Boulder, CO, USA The December Geosphere, The Geological Society of America's e-journal, is now online. Topics include detailed data integration from multiple fields, including tectonics, oceanography, sedimentology, and paleontology, to study the southwestern U.S. climate 17 million years ago to 6 million years ago; sedimentation in a piggyback basin; Angel Lake orthogneiss in the East Humboldt Range, Nevada; and a study of the South Balkan extensional system within southern Bulgaria, Macedonia, eastern Albania, northern Greece, and northwestern Turkey.
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Interplay of oceanographic and paleoclimate events with tectonism during middle to late Miocene sedimentation across the southwestern USA
Charles E. Chapin, New Mexico Bureau of Geology and Mineral Resources, New Mexico Institute of Mining and Technology, Socorro, New Mexico 87801, USA.
This paper uses sedimentation and erosion history as proxy for changes in the climate of the southwestern USA during the middle and late Miocene (ca. 17 Ma). The continental sedimentary record was compiled along a 2000-km transect from coastal California to the western Great Plains and correlated with the coeval marine Monterey Formation. Integration of data from the fields of plate tectonics, oceanography, sedimentology, paleoclimatology, and paleontology were used to interpret the causes and effects of major changes in the continental and marine sedimentary records. Two major changes in climate were interpreted: (1) a multiphase climate transition (ca. 17 Ma) caused mainly by changes in ocean circulation due to opening and closing of seaways connecting ocean basins and growth of the East Antarctic Ice Sheetthese climate changes were from warmer and wetter to cooler and drier; and (2) intensification of the North American monsoon caused by opening of the Gulf of California at ca. 6 Ma. A dramatic increase in summer thunderstorm activity resulted in integration of drainages, termination of closed-basin sedimentation, incision of uplifts, and exhumation of basin-fill sedimentary deposits. Such changes are usually interpreted as resulting from tectonic uplift; however, the complex interplay of tectonics and climate, rather than one or the other, was responsible for the Miocene changes in the southwestern United States.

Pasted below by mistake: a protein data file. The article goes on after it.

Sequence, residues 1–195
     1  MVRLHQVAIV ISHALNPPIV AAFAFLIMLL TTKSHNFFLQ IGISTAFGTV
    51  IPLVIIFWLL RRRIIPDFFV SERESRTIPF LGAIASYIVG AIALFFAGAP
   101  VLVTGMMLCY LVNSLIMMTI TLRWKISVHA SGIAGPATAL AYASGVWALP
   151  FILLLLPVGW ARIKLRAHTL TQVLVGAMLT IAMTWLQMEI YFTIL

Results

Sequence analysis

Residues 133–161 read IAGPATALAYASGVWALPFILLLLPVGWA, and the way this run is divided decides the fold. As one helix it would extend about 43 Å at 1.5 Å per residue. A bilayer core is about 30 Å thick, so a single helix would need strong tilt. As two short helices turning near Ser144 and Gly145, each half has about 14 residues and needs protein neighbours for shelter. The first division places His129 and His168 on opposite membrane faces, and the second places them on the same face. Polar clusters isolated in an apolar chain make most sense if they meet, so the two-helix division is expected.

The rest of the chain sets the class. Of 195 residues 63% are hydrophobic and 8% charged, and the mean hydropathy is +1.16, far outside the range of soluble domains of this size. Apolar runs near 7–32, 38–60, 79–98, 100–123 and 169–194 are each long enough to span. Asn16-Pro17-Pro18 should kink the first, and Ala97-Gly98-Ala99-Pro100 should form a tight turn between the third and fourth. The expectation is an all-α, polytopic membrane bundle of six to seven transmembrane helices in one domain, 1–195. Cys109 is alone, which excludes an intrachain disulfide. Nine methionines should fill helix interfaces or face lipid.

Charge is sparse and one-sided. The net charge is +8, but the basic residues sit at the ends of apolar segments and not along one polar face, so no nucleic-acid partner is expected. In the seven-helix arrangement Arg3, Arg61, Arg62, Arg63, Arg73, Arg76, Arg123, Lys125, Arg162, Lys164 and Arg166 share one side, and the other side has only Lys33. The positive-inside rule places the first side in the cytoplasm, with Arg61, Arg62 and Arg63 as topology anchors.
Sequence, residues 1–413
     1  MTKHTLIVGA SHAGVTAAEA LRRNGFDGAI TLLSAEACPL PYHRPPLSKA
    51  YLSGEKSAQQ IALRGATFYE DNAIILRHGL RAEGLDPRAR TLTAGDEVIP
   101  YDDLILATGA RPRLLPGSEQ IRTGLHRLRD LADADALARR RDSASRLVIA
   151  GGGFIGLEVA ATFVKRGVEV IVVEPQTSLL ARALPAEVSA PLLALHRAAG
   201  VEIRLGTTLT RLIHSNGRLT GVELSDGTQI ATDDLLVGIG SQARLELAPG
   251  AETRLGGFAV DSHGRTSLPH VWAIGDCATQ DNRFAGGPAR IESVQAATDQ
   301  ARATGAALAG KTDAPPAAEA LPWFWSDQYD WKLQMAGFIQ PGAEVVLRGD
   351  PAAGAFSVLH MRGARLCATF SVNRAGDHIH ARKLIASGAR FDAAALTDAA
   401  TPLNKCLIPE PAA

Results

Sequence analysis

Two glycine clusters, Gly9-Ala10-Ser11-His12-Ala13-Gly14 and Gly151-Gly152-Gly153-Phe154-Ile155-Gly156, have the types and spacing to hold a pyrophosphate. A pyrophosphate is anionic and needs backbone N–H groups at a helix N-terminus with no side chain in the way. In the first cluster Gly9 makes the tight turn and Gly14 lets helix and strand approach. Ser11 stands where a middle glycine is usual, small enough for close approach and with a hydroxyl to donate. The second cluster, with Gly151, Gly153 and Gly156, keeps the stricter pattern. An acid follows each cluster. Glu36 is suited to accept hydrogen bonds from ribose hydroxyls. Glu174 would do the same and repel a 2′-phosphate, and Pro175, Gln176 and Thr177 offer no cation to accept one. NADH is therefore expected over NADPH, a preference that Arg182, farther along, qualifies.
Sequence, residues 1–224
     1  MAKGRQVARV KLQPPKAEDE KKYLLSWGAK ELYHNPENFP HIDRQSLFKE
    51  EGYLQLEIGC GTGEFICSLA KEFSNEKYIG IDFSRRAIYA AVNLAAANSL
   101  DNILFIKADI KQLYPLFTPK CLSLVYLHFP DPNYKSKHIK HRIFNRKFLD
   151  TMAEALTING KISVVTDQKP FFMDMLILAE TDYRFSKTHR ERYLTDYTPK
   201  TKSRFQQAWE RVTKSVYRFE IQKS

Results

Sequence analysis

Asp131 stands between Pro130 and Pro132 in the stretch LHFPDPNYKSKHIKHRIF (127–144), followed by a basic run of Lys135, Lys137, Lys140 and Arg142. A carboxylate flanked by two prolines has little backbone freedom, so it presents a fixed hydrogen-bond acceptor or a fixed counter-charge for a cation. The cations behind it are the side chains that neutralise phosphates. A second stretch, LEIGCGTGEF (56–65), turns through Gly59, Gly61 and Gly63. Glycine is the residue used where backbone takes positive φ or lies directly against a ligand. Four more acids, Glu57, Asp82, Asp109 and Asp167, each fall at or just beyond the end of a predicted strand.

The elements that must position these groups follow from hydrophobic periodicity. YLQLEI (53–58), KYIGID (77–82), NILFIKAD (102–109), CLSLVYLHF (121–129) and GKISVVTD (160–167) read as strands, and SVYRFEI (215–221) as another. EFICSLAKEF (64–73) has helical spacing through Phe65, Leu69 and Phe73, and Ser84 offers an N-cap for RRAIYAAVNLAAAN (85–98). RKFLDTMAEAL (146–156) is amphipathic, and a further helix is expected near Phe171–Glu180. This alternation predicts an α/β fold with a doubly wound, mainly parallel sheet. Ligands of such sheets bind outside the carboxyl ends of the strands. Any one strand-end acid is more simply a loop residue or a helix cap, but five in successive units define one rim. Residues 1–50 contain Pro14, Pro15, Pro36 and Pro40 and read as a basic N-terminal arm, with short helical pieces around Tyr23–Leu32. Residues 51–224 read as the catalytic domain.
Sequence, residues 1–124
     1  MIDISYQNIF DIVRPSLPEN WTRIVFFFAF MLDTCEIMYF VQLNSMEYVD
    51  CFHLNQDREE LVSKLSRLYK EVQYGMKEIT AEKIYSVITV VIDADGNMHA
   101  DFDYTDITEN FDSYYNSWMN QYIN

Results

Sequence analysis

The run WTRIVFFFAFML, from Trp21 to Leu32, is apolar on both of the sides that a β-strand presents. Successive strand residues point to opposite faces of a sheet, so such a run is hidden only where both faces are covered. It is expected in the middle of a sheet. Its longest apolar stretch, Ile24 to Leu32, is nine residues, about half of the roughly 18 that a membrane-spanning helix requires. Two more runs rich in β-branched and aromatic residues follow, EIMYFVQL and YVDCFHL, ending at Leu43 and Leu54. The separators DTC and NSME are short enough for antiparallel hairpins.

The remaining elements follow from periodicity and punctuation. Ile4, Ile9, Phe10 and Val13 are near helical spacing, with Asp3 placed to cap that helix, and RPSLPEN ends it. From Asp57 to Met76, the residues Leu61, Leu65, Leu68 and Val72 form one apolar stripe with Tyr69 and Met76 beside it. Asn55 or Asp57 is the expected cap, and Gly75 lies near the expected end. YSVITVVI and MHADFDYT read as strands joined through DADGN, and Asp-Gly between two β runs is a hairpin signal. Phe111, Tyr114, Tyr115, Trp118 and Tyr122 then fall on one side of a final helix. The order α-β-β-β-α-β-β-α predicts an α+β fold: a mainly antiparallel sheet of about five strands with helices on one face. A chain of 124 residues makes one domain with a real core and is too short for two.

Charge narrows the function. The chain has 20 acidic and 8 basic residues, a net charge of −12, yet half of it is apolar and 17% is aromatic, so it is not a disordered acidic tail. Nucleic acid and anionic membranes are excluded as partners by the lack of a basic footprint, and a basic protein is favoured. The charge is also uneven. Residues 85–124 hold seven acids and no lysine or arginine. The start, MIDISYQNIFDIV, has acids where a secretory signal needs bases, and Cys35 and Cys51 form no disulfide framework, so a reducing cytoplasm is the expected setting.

Evolution and dynamics of the Cenozoic tectonics of the South Balkan extensional system
B.C. Burchfiel et al., Department of Earth, Atmospheric and Planetary Sciences, Massachusetts Institute of Technology, Cambridge, Massachusetts 01239, USA. The work reported in this paper received NSF funding.
This paper discusses the tectonic evolution of the Southern Balkan extensional system from its beginning as an Andean margin from Late Cretaceous to early Eocene, through a transition from Andean to extension settings from middle Eocene to Oligocene time, to a regional extensional setting from the early Miocene to present. The regional tectonic setting begins as part of the Aegean extensional system but evolves into a system that is largely decoupled from the Aegean system as the North Anatolian fault develops from Late Miocene to Recent time. Late Cenozoic extension within the South Balkan extensional system is strongly diachronous, with north-south and east-west normal faulting that migrates in tandem from east to west, respectively, an expression of slab differential roll back along northern and southern parts of the Hellenic subduction zone. Extension in the Hellenic orogen was accompanied by late Cenozoic clockwise rotation of up to 50 degrees. The South Balkan extensional system is an example of the complex temporal and spatial relations between geometry, kinematics, and dynamics of lithospheric structure during the Cenozoic evolution of Mediterranean backarc extensional regions.
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